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Endometriosis Specialist

Physicians For Women El Paso

Obstetrics & Gynecology located in El Paso, TX

Any woman who has menstrual periods can suffer from endometriosis, and the condition affects about 11% of American women. The expert staff at Physicians for Women El Paso diagnoses and treats endometriosis for women living in and around El Paso, Texas. Find relief from this painful condition that can also interfere with fertility by calling the office or booking an appointment online.

Endometriosis Q & A

What is endometriosis?

Endometriosis occurs when tissue from the lining of the uterus grows outside on surrounding organs where it doesn’t belong. Endometrial tissue may develop on the:

  • Ovaries
  • Fallopian tubes
  • Outer surface of the uterus
  • Rectum and bowel
  • Vagina and cervix

It usually strikes women in their 30s and 40s, but can show up at any time in menstruating women.

What are the symptoms of endometriosis?

The most common symptoms of endometriosis are painful menstrual cramps, chronic low back or pelvic pain, and pain during or after sexual intercourse. Other symptoms include:

  • Pain when urinating
  • Bleeding between regular cycles
  • Infertility
  • Digestive problems, including nausea, diarrhea, and constipation

Endometriosis causes these symptoms because the endometrial lining that’s outside the womb still acts like the tissue inside the womb. It sheds and bleeds, but doesn’t have an easy route to leave the body.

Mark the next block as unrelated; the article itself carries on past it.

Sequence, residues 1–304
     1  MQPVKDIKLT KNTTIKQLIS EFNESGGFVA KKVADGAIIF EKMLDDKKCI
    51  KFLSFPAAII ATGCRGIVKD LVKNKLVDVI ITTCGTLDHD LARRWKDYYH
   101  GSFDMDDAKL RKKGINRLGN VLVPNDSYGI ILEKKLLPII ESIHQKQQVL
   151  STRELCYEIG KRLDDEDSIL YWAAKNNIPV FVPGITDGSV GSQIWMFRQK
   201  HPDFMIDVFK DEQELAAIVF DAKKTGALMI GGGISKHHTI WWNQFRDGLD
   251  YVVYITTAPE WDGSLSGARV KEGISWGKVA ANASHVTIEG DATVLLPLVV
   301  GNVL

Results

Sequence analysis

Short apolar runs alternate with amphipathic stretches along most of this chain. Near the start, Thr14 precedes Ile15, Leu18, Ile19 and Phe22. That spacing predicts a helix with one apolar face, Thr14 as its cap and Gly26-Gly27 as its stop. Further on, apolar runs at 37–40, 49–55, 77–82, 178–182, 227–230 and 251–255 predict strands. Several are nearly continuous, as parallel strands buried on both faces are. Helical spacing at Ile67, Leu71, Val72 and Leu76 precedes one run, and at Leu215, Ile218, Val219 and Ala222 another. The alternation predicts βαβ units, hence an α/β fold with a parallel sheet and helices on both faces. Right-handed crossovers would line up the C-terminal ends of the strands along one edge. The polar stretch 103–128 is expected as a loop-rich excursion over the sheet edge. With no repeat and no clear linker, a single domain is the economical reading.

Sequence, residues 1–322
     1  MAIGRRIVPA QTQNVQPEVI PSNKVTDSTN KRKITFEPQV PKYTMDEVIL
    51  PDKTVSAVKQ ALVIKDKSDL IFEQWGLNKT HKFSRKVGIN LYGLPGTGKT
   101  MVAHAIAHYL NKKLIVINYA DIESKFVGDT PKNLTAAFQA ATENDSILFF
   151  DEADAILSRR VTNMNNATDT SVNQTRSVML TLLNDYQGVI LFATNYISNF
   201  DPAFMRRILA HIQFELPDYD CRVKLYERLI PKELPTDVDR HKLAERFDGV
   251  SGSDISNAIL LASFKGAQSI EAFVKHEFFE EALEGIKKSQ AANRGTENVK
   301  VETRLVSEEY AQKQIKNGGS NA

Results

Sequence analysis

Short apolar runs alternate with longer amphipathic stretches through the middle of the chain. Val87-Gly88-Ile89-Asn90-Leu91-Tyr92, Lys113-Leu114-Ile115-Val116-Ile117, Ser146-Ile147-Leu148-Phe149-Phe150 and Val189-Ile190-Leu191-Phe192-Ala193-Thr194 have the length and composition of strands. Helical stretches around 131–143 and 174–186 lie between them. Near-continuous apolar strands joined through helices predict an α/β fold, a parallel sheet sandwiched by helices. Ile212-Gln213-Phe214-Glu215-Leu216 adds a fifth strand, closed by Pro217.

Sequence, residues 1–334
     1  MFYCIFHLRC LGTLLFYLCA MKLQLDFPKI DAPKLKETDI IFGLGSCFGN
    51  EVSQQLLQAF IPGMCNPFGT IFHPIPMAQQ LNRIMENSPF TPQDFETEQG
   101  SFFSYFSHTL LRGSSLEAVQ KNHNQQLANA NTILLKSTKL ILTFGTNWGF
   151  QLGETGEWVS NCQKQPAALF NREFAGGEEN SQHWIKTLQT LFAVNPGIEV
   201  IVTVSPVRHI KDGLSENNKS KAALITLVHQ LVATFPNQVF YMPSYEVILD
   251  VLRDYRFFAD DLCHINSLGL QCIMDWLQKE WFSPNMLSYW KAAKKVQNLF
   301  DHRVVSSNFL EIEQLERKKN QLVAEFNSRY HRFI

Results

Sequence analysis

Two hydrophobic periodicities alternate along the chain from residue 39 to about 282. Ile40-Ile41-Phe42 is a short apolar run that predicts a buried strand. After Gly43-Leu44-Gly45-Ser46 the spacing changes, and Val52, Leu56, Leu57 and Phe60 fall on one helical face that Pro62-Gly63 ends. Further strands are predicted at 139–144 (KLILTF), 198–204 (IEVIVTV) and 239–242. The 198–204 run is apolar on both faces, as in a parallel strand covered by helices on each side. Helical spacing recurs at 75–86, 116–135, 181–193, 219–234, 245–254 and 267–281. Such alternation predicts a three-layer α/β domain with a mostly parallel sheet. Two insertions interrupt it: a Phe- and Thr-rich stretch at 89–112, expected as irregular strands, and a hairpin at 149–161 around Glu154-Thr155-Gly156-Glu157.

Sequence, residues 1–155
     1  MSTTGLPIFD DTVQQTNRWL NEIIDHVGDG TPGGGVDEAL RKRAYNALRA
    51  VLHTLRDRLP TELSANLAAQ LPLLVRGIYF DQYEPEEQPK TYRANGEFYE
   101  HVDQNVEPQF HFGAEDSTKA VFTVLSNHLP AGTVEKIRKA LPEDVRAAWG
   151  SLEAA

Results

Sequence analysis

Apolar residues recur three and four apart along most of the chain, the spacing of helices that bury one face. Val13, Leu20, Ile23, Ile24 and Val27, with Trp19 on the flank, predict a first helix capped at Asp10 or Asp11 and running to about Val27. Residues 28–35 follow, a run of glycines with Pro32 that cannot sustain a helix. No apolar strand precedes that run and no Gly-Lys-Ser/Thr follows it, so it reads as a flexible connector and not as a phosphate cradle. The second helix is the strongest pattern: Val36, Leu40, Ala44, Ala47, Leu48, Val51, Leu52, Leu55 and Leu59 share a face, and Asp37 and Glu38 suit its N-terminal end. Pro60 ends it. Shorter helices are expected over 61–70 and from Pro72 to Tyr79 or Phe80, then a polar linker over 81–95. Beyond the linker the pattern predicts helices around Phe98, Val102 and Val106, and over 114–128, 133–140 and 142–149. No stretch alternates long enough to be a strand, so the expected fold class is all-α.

What puts me at risk of developing endometriosis?

Any woman can get endometriosis. Certain situations can make a woman more vulnerable, including:

  • Never having had children
  • Short menstrual cycles that last fewer than 27 days
  • Family history of endometriosis
  • Long periods of seven days or more

Women who have a health problem that prevents menstrual blood from leaving the body during your normal period are also at greater risk.

How is endometriosis diagnosed?

Your symptoms may suggest endometriosis. In addition, how your symptoms react to certain medicines, including birth control and gonadotropin-releasing hormones, gives the team at Physicians for Women El Paso confirmation of the diagnosis. Endometriosis may also be identified during a pelvic exam or with imaging tests.

The only sure way to diagnose endometriosis, however, is through laparoscopy. In this minimally invasive surgery, your doctor looks inside you and takes a sampling of suspicious tissue to confirm you have endometriosis.

How is endometriosis treated?

Endometriosis cannot be cured, but the symptoms can be managed and infertility overcome. If you’re not trying to get pregnant, hormonal birth control — such as the pill or an IUD — can reduce pain and bleeding.

If you do want to get pregnant, you may benefit from a gonadotropin-releasing hormone that temporarily blocks the hormones responsible for ovulation and your menstrual cycle. This can slow the growth of endometriosis and put you in temporary menopause, but when you stop taking the medication, you may have a better chance of getting pregnant.

In severe cases of endometriosis, laparoscopic surgery is performed to remove the offending tissue and reduce your symptoms.

For more information about endometriosis diagnosis and treatment, call Physicians for Women El Paso or book an appointment online.